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Planting the seeds of resistance

Today we’re starting a new series on the blog where we explore the intersections of oral history and social change. Throughout 2017 we’ll bring you origin stories from activist historians, updates from the front lines, methodological approaches, and more from people who are using oral history to change their world. We begin with Joshua Burford, who first appeared on the blog last June to share his experiences preserving the history of queer people in Charlotte, North Carolina.

I have been working on preservation of Southern Queer history for ten years, and I have never felt the urgency that I feel at this moment to make certain it is safe and available. I think many archivists would agree that urgency is an undercurrent of most of the work that we do since so much information is lost when people die or move or leave their work. When the Charlotte Queer Oral History project began in late 2015 the urgency that we felt was based not on fear but on the excitement that a project like this would give us access to information that didn’t exist anywhere else. I would describe our group as a family that is looking to support each other, but also support the people whose stories we are attempting to capture. Every time we meet it feels like the possibilities are endless and the urgency to get this project moving has created a set of siblings that represent generations of experience, desires, and the need to be connected to something that feels so important.

When HB2 happened in North Carolina and Charlotte was put under a microscope, the project took on a new feel for us. We had been so focused on the stories that were at risk (several people on our list were in bad health) that we didn’t really sit down and discuss how this project could be a locus for resistance to a growing anti-Queer and Trans sentiment from our state capitol. The decision had been made that each of us would follow our own interests and create micro-oral history projects within the larger scope of the project. Almost immediately we drifted towards the stories that highlighted the political work of Charlotte and the people that made the community what it is today. My first large scale project was to interview Sue Henry, a local business owner and political organizer who was most visible in Charlotte in the 1990s. I completed three interviews with her and realized right away that, although I wanted to know about her running a LGBT bookstore and her time as the first openly lesbian identified candidate for mayor, I really wanted to know how she had accomplished all she had in the face of very organized discrimination. I knew that her history would help to shed light on the processes by which this community organized politically and that her words (which have always inspired me) could light a fire under others. What I didn’t understand when I talked with her is that I needed so badly for her to tell me that we would survive HB2 and whatever came after it.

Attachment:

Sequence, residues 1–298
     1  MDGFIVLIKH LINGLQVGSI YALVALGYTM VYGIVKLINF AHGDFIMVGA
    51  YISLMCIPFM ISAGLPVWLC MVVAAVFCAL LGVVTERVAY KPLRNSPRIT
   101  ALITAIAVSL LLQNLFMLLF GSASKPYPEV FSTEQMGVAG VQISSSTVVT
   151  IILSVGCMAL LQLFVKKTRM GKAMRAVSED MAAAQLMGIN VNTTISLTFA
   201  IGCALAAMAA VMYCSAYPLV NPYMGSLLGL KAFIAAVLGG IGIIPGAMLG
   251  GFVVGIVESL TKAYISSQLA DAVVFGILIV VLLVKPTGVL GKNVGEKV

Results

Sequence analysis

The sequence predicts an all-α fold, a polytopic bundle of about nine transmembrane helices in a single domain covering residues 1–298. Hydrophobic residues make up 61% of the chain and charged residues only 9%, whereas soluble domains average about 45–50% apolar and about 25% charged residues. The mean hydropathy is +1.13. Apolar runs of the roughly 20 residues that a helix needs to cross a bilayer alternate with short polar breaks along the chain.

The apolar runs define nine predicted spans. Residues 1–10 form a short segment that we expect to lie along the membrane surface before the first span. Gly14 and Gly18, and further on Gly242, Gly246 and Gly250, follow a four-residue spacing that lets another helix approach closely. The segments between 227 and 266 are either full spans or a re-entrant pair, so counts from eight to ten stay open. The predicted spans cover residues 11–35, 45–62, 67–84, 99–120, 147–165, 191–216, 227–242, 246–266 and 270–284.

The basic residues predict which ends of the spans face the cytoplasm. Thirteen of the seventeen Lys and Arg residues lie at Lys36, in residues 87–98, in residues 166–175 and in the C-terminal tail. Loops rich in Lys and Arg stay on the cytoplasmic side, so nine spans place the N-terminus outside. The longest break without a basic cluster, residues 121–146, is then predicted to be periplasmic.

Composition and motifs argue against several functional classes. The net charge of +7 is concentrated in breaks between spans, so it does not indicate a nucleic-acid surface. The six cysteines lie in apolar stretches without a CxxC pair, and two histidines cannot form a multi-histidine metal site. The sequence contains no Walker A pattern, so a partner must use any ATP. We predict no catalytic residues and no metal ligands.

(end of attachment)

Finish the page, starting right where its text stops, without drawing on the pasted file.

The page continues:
What I didn’t understand when I talked with her is that I needed so badly for her to tell me that we would survive HB2 and whatever came after it.

Sue had been a part of the LGBT group that first fought for a comprehensive anti-discrimination policy for Charlotte back in 1992. They ultimately lost that fight but the waves they created galvanized the community in a way that it had not felt before. I needed her story for my own survival as a Queer person organizing in 2016. I had always imagined that the audience for these stories would be people not directly involved in the work of the committee. I had seen students, our community elders, and future generations as the consumers of this knowledge but I had not really thought about what it could do for me. These feelings of urgency were indeed growing from my own sense of fear about where we are headed as a community and a nation. Preserving history is an act of resistance, but it’s also an act of survival. I tend to think of oral histories as the fire that lights the way to manuscript collections and all they contain. People love stories, but these stories give guidance as much as the create inspiration.

The Charlotte Queer Oral History project is a social justice endeavor. The committee struggles each month to make certain that we have room for all the voices that are overlooked. We began the project with a mandate to collect women’s history and the history of Queer people of color because we know how often these voices are silenced. Each story and its connection of the growing local King-Henry-Brockington community archive are an attempt to create a blueprint of our history so we can fight in the present. These stories shed light on what is possible and out of each comes the antidote to HB2. Our government can pass a law but our stories are the seeds of resistance because now that we know where we have been, we know where it is possible to go from here.

Featured image credit: “HB2 Protest” by Selena N. B. H., CC BY 2.0 via Flickr.

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